Young people with technical backgrounds do show more interest now in industry than they did in previous years when the smokestack, post industrial image led them to aim for high tech or service jobs. However the industry is no longer in a position to offer secure long term career paths, and is unsure how to develop and protect the knowledge base represented by its key people. The younger generation is more aware of the need to manage their own careers and be mobile. This is a tension that has grown in recent years, with companies finding it hard to strike a balance between maintaining the right size of workforce, and holding on to a critical base of knowledge and expertise.
Companies have been driving for more flexible employment laws to reduce severance costs involved in the restructuring exercises which have become essential to retaining competitiveness in western markets. At the same time they have become acutely aware of the danger of the drain of knowledge and expertise during these exercises and with the retirement of skilled people in their fifties and early sixties.
One might imagine that consolidation and down-sizing lead to an employment market rich with talent. However just as special and unique products and services are key to a company’s profits, so are the people with the ability to create and deliver them. Those few talented and brave individuals who have taken ownership of building their own experience base, and along the way demonstrated the ability to create and deliver business opportunity, are very much in demand. Especially those in the generation following the baby-boomers.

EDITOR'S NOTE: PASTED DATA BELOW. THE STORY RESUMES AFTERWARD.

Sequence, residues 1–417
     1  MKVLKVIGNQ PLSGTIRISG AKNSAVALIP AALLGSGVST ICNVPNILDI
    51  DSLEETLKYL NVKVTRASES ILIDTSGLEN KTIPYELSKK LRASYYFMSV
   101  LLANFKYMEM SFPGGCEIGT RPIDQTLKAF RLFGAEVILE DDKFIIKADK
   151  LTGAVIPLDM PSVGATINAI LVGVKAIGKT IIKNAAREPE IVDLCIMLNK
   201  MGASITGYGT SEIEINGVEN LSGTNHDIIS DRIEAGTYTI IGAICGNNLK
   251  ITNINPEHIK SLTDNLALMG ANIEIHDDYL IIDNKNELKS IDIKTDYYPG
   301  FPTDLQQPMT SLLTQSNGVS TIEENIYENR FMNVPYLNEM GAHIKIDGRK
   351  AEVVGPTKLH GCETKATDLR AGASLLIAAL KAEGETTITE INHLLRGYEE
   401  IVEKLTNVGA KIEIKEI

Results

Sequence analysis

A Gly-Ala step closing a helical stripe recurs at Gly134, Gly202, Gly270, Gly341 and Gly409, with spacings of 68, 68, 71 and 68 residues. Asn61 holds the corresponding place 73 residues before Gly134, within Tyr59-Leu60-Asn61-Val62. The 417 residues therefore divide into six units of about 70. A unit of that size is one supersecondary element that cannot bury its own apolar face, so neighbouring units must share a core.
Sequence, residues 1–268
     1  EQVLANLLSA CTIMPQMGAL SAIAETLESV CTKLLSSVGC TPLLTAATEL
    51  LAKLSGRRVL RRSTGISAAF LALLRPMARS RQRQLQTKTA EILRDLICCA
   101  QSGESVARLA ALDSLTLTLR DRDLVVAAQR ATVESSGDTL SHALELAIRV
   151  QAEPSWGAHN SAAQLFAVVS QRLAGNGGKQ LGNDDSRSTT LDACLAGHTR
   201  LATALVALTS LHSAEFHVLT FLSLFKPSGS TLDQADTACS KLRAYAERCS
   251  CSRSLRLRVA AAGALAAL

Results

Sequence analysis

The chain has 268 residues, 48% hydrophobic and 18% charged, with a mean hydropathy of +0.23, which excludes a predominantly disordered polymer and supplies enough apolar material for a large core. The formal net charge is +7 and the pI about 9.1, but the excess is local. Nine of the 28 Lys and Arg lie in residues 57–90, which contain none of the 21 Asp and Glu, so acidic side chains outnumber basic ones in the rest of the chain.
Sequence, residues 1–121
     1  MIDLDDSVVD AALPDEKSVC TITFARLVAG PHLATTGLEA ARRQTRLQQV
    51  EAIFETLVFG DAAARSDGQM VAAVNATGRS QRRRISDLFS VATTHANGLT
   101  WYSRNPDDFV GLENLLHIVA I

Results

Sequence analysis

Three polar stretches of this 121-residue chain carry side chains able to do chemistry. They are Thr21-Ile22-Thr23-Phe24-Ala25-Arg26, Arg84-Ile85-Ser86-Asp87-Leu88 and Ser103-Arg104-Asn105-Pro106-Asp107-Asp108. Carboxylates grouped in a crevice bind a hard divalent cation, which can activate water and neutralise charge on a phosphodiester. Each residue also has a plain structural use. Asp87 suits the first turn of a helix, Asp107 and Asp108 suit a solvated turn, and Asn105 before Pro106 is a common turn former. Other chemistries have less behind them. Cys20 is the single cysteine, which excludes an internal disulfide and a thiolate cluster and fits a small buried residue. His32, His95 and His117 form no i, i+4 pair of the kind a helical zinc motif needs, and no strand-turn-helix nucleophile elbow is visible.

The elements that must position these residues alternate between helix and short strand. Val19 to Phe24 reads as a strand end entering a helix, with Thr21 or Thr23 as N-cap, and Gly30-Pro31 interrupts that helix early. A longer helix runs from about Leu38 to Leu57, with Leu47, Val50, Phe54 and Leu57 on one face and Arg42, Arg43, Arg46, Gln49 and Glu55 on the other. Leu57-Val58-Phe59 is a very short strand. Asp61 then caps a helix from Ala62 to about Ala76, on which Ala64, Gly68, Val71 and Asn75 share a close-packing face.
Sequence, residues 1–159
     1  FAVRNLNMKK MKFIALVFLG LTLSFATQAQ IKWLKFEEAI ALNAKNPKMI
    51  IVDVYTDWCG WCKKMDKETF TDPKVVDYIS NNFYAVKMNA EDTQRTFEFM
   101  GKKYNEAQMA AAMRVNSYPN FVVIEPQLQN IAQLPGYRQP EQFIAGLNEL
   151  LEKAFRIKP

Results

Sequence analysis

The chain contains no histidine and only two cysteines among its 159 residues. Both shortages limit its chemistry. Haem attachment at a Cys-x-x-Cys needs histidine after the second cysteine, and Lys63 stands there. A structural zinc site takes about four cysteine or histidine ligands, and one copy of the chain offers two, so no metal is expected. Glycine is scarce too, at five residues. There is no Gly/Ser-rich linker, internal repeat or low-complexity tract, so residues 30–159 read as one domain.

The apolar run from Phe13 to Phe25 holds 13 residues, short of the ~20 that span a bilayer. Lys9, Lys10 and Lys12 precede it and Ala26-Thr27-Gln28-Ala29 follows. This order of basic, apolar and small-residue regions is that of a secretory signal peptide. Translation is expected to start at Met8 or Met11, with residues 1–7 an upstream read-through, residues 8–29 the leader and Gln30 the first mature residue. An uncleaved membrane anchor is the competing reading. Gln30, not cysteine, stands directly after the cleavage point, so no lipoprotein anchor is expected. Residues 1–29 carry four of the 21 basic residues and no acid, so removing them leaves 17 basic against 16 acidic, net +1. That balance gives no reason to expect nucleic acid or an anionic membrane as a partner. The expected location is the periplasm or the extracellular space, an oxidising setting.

The powerful forces which have played on the industry in recent years will continue to make this a challenging business to be in. The competitive environment remains brutal and investment returns unpredictable in a world with uncertain geopolitics and wildly fluctuating oil prices. Regulation will continue to provide a major constraint on innovation. The argument that having a strong regulatory environment in the EU provides companies in the region with a competitive advantage has never convinced investors or business leaders. But the industry is learning to live with it.
Corporate restructuring and re-alignment will continue in western economies in the search for viable strategies for existing businesses and opportunities for new ones.
Chemicals has always been at heart a knowledge industry. In the past important technology breakthroughs enabled the creation of businesses with global reach. Today those technical and business opportunities are harder to find. However creative and capable people remain central to its future.